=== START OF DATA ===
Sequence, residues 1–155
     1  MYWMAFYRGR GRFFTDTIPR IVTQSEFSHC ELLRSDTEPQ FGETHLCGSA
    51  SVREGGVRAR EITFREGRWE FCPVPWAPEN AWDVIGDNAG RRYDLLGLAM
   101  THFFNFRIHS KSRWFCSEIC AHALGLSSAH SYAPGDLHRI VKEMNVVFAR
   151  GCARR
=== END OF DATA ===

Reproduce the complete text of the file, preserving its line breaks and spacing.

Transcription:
Sequence, residues 1–155
     1  MYWMAFYRGR GRFFTDTIPR IVTQSEFSHC ELLRSDTEPQ FGETHLCGSA
    51  SVREGGVRAR EITFREGRWE FCPVPWAPEN AWDVIGDNAG RRYDLLGLAM
   101  THFFNFRIHS KSRWFCSEIC AHALGLSSAH SYAPGDLHRI VKEMNVVFAR
   151  GCARR